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The Merry Cocker – A Breed with Many Varieties

Click here to read the complete article
202 – The Annual, 2017-18

BY LEE CONNOR

My grandmother kept and bred Miniature-smooth Dachshunds all her life however, when she was in her sixties and after the death of her beloved ‘Bonnie’ , she shocked everyone by announcing that she would like a puppy (to fill the gaping void created by the loss of Bonnie) but she didn’t want another Dachshund; she wanted a Cocker Spaniel.

The keeping of Dachshunds had been something of a family tradition (and her decision was viewed as heresy by some) but eventually the family bowed to her wishes and reluctantly bought her a Blue Roan Cocker Spaniel bitch puppy who she named Penny, and she remained her faithful companion right up until my grandmother’s death, fourteen years later.

I was just a boy when we went to collect Penny.

Is there anything more beautiful or more guaranteed to tug on the heartstrings than a puppy Cocker Spaniel? Those soft brown eyes, those huge floppy ears and the ‘ever wagging’ stumpy tail all combine to engender a feeling of love and protection.

I remember being completely enamored by this beautiful little creature and as the years passed with a succession of new grandchildren making their appearance (with their fur tugging and ear pulling fat little fingers) the feeling turned to one of complete admiration because not once did that beautiful, placid bitch ever snarl or snap at their childish, intrusive attentions.

It is generally accepted that the earliest reference to the Spaniel occurs in Chaucer’s Wife of Bath Prologue (1340–1400)

‘Hankers for every man that she may see; For like a Spaniel will she leap on him…’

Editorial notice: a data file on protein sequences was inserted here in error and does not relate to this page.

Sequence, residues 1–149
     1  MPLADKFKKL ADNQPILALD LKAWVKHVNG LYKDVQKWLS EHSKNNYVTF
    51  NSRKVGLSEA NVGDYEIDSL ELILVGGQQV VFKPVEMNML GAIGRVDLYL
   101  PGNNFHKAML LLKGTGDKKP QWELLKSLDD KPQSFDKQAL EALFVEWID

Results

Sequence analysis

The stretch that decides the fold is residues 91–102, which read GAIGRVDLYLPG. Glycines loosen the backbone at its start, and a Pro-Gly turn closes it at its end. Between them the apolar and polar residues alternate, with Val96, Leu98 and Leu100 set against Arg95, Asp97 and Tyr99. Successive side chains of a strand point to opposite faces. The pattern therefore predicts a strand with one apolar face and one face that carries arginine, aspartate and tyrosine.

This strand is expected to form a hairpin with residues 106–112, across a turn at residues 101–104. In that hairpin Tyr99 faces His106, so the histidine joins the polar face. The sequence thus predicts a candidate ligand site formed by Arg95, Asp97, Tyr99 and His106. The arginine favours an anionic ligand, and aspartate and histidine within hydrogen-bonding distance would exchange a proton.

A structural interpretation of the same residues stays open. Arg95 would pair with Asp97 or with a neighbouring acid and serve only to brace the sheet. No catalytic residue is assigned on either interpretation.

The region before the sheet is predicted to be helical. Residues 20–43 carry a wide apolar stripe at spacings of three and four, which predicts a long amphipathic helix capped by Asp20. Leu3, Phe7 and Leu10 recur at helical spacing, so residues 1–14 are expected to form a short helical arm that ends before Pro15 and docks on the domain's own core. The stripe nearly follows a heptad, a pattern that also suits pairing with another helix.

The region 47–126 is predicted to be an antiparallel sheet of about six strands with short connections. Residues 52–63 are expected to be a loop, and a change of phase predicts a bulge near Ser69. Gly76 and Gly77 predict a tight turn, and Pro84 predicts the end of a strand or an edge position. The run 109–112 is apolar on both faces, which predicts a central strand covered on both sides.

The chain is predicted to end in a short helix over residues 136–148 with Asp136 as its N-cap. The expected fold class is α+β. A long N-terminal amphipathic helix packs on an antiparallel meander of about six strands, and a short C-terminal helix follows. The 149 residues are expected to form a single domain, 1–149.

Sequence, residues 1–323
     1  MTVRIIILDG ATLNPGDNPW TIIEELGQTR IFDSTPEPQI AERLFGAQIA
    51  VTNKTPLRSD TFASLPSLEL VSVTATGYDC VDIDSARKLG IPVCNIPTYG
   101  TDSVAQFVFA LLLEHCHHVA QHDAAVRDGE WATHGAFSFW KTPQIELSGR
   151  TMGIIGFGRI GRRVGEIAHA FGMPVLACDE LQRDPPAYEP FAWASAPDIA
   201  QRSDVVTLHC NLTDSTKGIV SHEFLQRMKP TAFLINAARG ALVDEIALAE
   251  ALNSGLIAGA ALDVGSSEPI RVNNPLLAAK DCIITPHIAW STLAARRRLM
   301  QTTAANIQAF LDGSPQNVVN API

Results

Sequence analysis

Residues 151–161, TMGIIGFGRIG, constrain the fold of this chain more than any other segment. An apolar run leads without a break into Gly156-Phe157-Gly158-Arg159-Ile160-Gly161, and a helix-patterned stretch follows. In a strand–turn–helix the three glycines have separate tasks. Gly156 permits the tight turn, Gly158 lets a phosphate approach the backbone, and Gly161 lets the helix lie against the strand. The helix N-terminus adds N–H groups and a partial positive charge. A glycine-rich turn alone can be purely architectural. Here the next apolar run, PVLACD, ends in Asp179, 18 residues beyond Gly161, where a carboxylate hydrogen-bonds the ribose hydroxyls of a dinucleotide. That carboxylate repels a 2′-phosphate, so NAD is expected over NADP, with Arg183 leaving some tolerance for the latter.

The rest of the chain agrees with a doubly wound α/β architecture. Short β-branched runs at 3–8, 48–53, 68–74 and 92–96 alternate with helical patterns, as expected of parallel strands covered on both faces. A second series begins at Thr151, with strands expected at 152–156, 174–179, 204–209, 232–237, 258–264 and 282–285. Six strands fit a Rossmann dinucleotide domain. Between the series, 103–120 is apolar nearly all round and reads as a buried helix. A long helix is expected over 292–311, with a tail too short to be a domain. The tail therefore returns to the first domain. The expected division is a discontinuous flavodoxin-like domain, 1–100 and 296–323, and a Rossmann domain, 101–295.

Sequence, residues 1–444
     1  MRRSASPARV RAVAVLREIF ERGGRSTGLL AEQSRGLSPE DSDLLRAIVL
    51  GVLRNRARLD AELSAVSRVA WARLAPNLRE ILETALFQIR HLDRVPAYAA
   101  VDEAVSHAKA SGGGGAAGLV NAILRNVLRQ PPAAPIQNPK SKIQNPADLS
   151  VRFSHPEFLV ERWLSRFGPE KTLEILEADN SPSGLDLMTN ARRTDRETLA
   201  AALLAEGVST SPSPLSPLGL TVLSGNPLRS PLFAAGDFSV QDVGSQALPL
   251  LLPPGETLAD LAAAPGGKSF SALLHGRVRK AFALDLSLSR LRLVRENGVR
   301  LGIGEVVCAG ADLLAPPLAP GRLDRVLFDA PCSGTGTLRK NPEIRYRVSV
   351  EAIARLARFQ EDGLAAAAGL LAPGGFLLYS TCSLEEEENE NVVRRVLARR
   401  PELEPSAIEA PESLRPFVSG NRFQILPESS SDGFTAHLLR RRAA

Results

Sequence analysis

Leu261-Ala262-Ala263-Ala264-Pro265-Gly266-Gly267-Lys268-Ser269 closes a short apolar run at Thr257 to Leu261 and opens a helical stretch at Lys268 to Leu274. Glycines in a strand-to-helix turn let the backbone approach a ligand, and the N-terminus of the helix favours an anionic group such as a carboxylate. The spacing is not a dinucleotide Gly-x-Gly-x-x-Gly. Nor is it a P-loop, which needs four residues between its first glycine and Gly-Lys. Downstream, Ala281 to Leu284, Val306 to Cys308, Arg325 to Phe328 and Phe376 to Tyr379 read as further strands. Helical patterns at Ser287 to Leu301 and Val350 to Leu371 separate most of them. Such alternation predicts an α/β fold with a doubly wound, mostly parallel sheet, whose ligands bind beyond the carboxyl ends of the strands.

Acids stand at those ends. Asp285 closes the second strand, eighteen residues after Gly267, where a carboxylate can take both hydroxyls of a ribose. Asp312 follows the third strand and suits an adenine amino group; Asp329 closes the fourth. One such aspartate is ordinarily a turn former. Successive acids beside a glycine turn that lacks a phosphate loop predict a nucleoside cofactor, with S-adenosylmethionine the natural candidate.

And from then onwards contemporary writers have made frequent reference to the use of the breed for sporting purposes. On account of their adaptability to the low and close growing covert, they were more frequently heard of, in the early days of their history, in Wales and (in my home county) of Devon.

The name ‘cocker’ found its derivation from the Woodcock hunting in which the breed was employed. Woodcock are a particularly strange species of bird and one that blends in so incredibly well with the fallen leaves of a woodland floor. They were winter visitors to the woodland behind our farm and you would often almost step on them before they took to the wing. Our friends would often bring their Cockers to our property and it was in- credible watching these little dogs doing the job they were bred for, and putting these birds up in the air. So, it seems fair to assume that the name comes from the breed’s ability to ‘cock’ or ‘spring’ the game.

Click here to read the complete article
202 – The Annual, 2017-18

Short URL: http://caninechronicle.com/?p=137625

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